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Short-term progressive spinal deformity following laminoplasty versus laminectomy for resection of intradural spinal tumors: analysis of 238 patients.

Neurosurgery 2010 May
OBJECTIVE: Gross total resection of intradural spinal tumors can be achieved in the majority of cases with preservation of long-term neurological function. However, postoperative progressive spinal deformity complicates outcome in a subset of patients after surgery. We set out to determine whether the use of laminoplasty (LP) vs laminectomy (LM) has reduced the incidence of subsequent spinal deformity following intradural tumor resection at our institution.

METHODS: We retrospectively reviewed the records of 238 consecutive patients undergoing resection of intradural tumor at a single institution. The incidence of subsequent progressive kyphosis or scoliosis, perioperative morbidity, and neurological outcome were compared between the LP and LM cohorts.

RESULTS: One hundred eighty patients underwent LM and 58 underwent LP. Patients were 46 +/- 19 years old with median modified McCormick score of 2. Tumors were intramedullary in 102 (43%) and extramedullary in 102 (43%). All baseline clinical, radiographic, and operative variables were similar between the LP and LM cohorts. LP was associated with a decreased mean length of hospitalization (5 vs 7 days; P = .002) and trend of decreased incisional cerebrospinal fluid leak (3% vs 9%; P = .14). Following LP vs LM, 5 (9%) vs 21 (12%) patients developed progressive deformity (P = .728) a mean of 14 months after surgery. The incidence of progressive deformity was also similar between LP vs LM in pediatric patients < 18 years of age (43% vs 36%), with preoperative scoliosis or loss of cervical/lumbar lordosis (28% vs 22%), or with intramedullary tumors (11% vs 11%).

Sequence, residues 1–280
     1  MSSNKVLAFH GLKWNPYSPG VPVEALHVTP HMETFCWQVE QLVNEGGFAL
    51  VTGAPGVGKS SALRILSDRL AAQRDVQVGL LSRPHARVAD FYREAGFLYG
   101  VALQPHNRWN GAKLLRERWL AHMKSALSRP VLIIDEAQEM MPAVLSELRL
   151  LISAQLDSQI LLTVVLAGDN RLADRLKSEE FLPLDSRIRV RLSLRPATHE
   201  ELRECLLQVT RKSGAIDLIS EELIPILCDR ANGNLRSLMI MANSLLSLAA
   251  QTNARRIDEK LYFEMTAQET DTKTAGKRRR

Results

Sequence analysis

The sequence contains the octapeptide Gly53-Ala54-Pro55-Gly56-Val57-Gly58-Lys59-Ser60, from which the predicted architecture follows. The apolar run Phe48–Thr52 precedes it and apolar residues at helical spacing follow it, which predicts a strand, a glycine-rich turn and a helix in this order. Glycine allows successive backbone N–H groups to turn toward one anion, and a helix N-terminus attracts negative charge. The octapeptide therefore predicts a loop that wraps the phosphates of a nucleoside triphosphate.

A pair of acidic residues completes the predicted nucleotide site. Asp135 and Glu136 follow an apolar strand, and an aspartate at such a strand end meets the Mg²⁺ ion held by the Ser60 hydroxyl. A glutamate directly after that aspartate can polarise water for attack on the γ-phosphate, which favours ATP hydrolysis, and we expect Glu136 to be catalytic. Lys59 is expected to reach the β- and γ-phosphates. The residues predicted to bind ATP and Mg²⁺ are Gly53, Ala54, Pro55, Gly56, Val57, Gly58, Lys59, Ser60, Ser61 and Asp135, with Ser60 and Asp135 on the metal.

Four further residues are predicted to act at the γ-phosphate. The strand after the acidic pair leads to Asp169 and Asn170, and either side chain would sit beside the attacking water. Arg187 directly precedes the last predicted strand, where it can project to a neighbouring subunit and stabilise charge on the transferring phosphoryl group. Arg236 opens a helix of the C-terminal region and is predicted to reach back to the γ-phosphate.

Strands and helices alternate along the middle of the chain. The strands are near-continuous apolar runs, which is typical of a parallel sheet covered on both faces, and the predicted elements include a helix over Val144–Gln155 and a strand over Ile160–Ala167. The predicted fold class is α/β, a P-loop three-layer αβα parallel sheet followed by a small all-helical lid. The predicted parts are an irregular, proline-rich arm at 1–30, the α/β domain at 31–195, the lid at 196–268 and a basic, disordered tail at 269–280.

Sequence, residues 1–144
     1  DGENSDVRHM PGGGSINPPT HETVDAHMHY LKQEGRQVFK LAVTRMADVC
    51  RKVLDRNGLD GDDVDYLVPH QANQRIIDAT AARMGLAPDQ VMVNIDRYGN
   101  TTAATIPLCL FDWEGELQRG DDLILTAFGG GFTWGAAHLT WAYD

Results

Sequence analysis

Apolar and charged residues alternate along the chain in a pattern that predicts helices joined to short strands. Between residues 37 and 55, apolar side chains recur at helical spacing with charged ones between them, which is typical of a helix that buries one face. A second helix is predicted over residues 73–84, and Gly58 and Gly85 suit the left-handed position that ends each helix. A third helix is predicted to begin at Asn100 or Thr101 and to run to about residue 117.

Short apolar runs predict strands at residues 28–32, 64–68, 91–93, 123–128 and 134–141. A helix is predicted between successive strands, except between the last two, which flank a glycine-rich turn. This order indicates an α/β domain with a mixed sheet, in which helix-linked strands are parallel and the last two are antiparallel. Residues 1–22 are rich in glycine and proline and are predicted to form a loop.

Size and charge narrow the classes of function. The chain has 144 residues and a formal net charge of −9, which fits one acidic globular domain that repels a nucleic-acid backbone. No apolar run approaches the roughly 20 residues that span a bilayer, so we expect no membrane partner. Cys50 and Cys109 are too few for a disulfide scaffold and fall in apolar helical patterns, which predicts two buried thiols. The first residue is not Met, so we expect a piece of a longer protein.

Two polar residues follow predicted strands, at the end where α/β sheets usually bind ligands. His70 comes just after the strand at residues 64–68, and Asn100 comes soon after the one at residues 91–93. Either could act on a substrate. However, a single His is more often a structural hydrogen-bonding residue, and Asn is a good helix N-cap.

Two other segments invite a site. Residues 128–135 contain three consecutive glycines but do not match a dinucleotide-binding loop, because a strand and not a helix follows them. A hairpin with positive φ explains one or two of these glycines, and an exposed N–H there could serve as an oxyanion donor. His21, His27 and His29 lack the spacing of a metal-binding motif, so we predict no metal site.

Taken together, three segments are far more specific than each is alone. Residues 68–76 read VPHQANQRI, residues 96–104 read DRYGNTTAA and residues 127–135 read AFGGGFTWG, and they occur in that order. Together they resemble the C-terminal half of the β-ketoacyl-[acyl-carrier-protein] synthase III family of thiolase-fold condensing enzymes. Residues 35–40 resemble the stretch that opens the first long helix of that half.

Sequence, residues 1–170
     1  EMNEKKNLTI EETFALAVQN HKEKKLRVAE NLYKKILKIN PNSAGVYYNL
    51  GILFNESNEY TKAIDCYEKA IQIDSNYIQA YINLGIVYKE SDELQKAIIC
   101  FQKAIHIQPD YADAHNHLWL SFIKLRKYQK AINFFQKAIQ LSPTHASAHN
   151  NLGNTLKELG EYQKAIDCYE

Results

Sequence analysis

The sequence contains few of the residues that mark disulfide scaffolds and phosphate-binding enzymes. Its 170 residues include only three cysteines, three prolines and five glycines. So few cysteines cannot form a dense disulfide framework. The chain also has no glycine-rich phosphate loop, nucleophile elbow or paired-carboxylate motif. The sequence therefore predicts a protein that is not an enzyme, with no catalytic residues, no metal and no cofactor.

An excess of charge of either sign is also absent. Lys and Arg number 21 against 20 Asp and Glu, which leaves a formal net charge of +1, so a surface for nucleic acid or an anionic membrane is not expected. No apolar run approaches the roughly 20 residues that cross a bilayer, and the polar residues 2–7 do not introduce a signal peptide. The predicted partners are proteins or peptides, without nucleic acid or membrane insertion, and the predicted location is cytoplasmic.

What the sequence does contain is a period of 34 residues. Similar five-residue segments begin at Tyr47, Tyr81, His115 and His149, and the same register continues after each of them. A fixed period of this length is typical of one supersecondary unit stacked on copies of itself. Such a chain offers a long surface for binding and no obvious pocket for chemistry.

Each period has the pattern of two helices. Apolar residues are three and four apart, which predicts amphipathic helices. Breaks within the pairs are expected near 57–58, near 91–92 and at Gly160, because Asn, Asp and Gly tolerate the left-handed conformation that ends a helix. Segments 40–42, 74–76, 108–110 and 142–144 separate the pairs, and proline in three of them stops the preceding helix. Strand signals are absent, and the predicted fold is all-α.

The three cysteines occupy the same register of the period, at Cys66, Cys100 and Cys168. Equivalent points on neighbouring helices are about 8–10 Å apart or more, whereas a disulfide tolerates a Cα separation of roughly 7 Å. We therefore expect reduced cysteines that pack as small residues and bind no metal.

CONCLUSION: LP for the resection of intradural spinal tumors was not associated with a decreased incidence of short-term progressive spinal deformity or improved neurological function. However, LP may be associated with a reduction in incisional cerebrospinal fluid leak. Longer-term follow-up is warranted to definitively assess the long-term effect of LP and the risk of deformity over time.

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